Public Opinion is Clear: Urgent Legislation Required to Protect Children from Sexual Exploitation! Read the story

Should the travel and tourism industry do more to stop travelling child sex offenders?

Posted on Oct 7, 2012

Travel news show BBC’s Fast Track interviewed ECPAT International to discuss the problem of sexual exploitation of children in the context of travel and tourism in Thailand and around the world. The travel and tourism industry has been growing at an extraordinary rate, and unfortunately, so have the numbers of travelling offenders. To fight this, NGOs are working with the police and travel and tourism companies to try and crack down on offenders and help put an end to this crime.

Defining sexual exploitation of children in the context of travel and tourism

Sexual exploitation of children in the context of travel and tourism is committed by a person or persons who travel from their home country to have sexual contact with children. Travelling sex offenders can be preferential or situational abusers (e.g. those who intentionally seek sexual contact with children, or those who do not usually have a sexual preference for children but take advantage of a situation in which a child is made available to them).

Travelling offenders can also be domestic travellers or they can be international tourists.

This form of exploitation can involve the exchange of cash, clothes, food or some other form of compensation to a child or to a third party for sexual contact. It occurs in multiple venues, from brothels in red-light districts to beaches or five-star hotels and in urban, rural or coastal settings.

Committing their crimes overseas, but rarely facing punishment at home

Since 2009, the number of international tourist arrivals globally has increased by almost 100 million to 980 million in 2011 (UNWTO). When this is combined with the opening up to tourism of new destinations where economic success is the main priority, vulnerable populations can be severely affected.

In Thailand, tourism is a major source of income, accounting for 6-7% of GDP and bringing approximately 14 million visitors per year.

Furthermore, some recent years have seen around 144 million domestic travellers within Thailand. Prostitution is illegal in Thailand, and while Thai laws on child prostitution are fairly comprehensive, it is reported that child sexual exploitation in the context of prostitution is still widespread and that law enforcement remains weak. Under the Thai Penal Code, offenders can be sentenced up to 20 years in prison for crimes associated with child sex tourism.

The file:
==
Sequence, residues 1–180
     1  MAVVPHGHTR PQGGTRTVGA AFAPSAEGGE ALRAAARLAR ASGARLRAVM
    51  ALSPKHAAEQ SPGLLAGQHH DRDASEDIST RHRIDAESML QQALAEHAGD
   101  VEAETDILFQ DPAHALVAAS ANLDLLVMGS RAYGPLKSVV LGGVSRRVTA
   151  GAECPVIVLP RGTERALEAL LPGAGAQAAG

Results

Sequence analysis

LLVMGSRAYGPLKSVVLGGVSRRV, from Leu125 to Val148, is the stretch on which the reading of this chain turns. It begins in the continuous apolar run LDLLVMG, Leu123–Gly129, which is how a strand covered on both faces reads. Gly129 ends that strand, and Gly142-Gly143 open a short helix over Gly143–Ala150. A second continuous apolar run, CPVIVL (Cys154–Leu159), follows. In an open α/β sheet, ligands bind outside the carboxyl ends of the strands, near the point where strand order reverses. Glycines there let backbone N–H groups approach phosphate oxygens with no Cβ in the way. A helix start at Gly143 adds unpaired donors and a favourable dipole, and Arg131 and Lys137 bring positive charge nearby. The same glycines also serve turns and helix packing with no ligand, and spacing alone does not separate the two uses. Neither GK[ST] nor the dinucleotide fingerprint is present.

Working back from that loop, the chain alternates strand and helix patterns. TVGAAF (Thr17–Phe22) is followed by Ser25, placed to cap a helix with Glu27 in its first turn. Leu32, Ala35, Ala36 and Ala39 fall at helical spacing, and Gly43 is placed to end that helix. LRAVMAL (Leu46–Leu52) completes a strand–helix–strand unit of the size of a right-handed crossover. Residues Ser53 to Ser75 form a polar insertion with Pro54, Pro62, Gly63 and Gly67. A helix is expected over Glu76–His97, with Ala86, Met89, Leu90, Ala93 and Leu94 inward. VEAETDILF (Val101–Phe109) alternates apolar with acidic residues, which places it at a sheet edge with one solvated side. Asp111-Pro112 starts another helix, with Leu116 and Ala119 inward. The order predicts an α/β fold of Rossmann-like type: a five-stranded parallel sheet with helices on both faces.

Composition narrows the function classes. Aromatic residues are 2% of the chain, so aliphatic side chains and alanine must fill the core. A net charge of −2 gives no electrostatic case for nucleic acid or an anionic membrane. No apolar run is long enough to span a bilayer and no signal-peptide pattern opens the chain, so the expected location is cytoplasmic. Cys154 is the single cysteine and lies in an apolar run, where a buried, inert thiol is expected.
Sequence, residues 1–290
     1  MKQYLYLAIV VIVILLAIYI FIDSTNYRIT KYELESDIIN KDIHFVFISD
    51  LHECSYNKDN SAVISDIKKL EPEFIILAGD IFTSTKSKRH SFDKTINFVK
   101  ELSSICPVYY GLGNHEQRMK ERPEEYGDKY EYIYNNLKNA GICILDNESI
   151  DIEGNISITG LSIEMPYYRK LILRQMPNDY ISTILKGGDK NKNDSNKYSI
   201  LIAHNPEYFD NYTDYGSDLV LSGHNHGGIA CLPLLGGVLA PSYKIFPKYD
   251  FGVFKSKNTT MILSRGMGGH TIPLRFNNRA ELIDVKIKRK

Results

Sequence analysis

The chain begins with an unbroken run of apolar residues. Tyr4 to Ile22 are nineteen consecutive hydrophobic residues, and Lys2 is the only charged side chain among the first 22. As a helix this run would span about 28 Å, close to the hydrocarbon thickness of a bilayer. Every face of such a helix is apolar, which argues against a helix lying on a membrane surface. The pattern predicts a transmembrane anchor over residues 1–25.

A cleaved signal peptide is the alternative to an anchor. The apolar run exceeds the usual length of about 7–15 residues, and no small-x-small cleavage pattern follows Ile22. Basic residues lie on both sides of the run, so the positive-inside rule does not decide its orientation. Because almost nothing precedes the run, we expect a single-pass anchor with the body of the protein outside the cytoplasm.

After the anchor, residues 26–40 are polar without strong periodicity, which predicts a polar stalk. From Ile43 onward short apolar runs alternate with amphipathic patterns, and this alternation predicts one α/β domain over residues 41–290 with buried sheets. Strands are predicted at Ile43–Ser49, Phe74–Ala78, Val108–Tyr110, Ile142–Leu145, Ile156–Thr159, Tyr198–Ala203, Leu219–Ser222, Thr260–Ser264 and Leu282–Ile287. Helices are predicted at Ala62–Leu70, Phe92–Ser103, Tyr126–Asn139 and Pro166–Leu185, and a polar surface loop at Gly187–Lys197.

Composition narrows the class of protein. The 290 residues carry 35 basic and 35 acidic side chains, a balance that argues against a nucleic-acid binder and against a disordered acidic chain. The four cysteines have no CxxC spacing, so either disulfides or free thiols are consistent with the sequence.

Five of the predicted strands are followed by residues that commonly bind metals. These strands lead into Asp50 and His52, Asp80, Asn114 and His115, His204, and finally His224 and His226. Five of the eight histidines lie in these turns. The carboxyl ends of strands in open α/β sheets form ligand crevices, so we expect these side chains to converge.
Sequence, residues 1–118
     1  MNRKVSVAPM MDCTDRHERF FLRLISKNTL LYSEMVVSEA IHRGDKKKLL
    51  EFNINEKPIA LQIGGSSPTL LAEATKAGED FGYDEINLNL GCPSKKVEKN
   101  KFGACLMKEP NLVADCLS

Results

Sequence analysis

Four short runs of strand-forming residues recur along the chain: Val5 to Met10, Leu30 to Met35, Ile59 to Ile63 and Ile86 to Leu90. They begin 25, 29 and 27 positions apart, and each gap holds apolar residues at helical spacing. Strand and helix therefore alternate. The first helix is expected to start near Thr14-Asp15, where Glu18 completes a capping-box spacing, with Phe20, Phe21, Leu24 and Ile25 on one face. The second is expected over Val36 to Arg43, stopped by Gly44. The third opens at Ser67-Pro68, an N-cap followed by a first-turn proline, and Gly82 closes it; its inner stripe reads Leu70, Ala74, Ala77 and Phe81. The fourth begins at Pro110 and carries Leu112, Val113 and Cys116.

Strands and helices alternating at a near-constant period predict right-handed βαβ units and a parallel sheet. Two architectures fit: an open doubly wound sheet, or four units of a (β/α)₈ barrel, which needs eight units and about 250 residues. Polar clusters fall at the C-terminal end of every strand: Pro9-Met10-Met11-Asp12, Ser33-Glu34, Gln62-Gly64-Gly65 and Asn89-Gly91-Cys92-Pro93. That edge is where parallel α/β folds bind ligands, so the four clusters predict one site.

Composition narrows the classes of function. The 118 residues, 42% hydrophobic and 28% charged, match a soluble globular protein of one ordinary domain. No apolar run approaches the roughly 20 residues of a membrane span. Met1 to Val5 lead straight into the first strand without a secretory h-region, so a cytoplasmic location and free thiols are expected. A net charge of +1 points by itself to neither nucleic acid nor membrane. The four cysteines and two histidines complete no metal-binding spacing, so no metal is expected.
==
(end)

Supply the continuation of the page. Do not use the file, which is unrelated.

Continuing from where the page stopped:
Stopping this crime will need some help from the travel and tourism industry

The travel and tourism industry plays an important role in stopping the exploitation of children in the context of travel and tourism, through awareness, education and reporting. One of the biggest challenges however is fear from some travel and tourism businesses that tourists will be deterred or offended by the industry profiling the issue within their services.

To counter this, ECPAT International works with its partner organisation The Code of Conduct for the Protection of Children from Sexual Exploitation in Travel and Tourism, an industry-led initiative to heighten responsibility in combating the exploitation of children in travel and tourism. The Code works with all manner of tourism businesses from tour operators, hotels and airlines that adopt and sign The Code committing themselves to informing their customers on their child protection policy, training staff on how to identify and report instances of sexual exploitation, reporting cases of exploitation and the application of other measures to protect children. By promoting responsibility within travel and tourism, we can end this crime.

ECPAT - resources